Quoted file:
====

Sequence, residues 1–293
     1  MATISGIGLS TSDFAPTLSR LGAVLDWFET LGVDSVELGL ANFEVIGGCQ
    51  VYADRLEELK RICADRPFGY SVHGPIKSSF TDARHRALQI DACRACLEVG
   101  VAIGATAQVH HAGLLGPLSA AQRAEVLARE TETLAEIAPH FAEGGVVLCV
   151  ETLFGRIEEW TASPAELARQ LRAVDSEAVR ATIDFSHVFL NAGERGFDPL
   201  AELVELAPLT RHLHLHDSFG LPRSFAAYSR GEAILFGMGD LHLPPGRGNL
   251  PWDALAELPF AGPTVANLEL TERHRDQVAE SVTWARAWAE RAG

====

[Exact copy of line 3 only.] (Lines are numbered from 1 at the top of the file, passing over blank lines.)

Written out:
    51  VYADRLEELK RICADRPFGY SVHGPIKSSF TDARHRALQI DACRACLEVG